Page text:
Proving Einstein's Theory: Worth It?

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BY KELSEY WAANANEN ANCHOR ALEX HOLLEY You're watching multisource science video news analysis from Newsy....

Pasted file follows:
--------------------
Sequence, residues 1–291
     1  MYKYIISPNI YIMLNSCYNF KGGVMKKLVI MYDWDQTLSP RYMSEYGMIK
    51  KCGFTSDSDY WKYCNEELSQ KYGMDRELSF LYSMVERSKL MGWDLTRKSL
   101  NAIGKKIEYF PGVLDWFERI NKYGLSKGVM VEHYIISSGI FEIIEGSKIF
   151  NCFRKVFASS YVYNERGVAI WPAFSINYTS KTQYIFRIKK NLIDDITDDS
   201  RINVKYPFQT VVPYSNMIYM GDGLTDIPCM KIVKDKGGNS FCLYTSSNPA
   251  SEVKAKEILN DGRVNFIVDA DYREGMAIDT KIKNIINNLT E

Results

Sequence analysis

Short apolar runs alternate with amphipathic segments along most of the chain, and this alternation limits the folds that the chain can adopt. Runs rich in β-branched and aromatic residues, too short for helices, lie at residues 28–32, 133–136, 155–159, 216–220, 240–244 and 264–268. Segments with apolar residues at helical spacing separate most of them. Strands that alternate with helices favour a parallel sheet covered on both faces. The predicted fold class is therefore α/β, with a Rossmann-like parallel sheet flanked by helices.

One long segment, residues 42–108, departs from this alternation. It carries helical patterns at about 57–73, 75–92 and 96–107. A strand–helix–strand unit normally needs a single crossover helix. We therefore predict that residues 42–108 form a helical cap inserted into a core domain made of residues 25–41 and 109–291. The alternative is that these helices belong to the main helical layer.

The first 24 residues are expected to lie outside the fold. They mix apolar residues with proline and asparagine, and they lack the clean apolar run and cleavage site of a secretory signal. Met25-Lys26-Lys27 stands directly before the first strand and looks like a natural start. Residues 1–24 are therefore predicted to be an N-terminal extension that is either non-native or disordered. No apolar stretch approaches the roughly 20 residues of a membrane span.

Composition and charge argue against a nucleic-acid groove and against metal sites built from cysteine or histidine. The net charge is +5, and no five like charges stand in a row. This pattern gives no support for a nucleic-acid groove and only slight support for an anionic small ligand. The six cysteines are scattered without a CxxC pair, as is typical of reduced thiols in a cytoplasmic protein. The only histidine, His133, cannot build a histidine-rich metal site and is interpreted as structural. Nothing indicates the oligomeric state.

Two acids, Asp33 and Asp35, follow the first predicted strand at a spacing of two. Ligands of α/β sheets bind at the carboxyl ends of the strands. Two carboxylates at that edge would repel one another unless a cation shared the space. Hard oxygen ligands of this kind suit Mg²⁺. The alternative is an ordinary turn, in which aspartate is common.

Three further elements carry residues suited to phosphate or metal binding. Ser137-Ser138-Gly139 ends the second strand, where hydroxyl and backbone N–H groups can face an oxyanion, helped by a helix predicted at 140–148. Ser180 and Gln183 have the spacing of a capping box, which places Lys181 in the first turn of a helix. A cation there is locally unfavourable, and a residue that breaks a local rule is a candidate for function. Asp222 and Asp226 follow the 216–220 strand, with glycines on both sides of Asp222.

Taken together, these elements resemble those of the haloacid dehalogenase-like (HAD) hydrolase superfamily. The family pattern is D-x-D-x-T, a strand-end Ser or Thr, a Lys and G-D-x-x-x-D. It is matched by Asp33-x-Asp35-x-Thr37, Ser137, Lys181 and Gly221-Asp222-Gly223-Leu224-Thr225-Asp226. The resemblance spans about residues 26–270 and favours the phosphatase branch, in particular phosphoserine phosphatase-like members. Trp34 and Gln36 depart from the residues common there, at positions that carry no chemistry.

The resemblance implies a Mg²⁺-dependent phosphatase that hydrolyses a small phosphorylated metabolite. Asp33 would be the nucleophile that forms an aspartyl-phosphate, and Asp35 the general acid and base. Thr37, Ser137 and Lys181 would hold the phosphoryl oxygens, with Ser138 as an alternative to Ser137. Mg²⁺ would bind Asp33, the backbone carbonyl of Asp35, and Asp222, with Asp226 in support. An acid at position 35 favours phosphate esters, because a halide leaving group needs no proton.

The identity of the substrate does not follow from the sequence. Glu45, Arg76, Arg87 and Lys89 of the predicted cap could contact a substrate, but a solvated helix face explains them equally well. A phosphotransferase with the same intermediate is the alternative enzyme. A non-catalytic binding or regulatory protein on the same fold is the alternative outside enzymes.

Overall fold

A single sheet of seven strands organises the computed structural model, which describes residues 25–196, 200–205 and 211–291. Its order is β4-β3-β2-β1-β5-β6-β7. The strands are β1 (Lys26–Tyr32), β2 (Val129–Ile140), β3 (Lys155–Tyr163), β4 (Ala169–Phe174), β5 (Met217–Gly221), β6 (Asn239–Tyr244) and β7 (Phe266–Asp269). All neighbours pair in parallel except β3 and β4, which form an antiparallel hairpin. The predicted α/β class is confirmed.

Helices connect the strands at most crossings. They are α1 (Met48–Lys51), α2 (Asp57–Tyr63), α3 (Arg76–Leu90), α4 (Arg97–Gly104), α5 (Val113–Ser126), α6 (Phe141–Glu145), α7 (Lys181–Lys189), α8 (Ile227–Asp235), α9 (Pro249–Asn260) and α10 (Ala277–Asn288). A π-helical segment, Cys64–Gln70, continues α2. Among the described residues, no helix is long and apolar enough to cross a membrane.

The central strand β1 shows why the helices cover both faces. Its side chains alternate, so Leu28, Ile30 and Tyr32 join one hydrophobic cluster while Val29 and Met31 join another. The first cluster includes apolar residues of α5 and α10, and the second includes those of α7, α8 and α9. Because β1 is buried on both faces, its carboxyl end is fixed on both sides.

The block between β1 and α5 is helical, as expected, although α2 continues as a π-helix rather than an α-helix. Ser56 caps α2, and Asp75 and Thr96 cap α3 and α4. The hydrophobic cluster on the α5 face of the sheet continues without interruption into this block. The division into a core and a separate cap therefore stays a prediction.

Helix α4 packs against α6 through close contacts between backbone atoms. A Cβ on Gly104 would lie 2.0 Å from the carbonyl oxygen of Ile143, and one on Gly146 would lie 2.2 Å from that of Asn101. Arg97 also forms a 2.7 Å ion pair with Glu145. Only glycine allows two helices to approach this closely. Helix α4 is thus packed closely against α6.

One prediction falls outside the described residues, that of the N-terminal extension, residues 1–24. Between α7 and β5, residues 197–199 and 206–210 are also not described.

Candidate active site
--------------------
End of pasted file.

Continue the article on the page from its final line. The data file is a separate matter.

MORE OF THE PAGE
BY KELSEY WAANANEN ANCHOR ALEX HOLLEY You're watching multisource science video news analysis from Newsy. How much time would you spend to prove Einstein was a genius? Hope fifty years and $750 million doesn’t sound like too large of a commitment-- because that’s exactly what it took a Stanford team to prove Einstein’s theory of relativity. The Wall Street Journal offers an explanation of the theory. “Briefly, a refresher. Time and space, according to Einstien's theories of relativity are woven together into a 4-dimensional fabric called Space-Time. The mass of Earth dimples this fabric, much like a heavy person sitting on a trampoline. Gravity Einstein says, is simply the motion of objects following the curving lines of the dimple.” NASA-funded Gravity Probe B officially launched in 2004 and did prove that Earth makes a big ol’ dent in the fabric of space. However, Sky and Telescope say-- didn’t we already have this figured out? “The truth is, we did. The [laser geodynamic] satellites, lunar ranging, the Cassini mission’s radio experiment, and binary pulsars, to name just a few, have all verified general relativity — including these two particular predictions — sometimes to much higher accuracy than Gravity Probe B.” That being the case, Discovery asks -- was this worth it? “In an especially budget-conscious era, that's a legitimate concern, as so many worthy projects lie fallow from lack of available funding. Detractors of Gravity Probe B no doubt question whether those funds might have been better spent on exploring new physics, rather than confirming Einstein.” But the former project manager has an answer to that -- this project will live on. “I would also say 'look, even if you're not interested in the science result, even if you're not interested in the educational result, the hundred PhDs and so on. Then at least you ought to believe that the technologies that were invented during the course of Gravity Probe B's development will pay dividends -- economic and scientific dividends for decades to come.” And PCWorld notes- this project marks a new beginning for science. “As if proving one of Einstein’s theories wasn’t enough, it’s interesting to note that this study was taken up by hundreds of young scientists across the US, including some high school students. It’s exciting to see such involvement in the next generation of great minds. It speaks volumes for impressive things still to come from science.” Follow Newsy on Twitter Newsy_Videos Get more multisource science video news analysis from Newsy. Transcript by Newsy.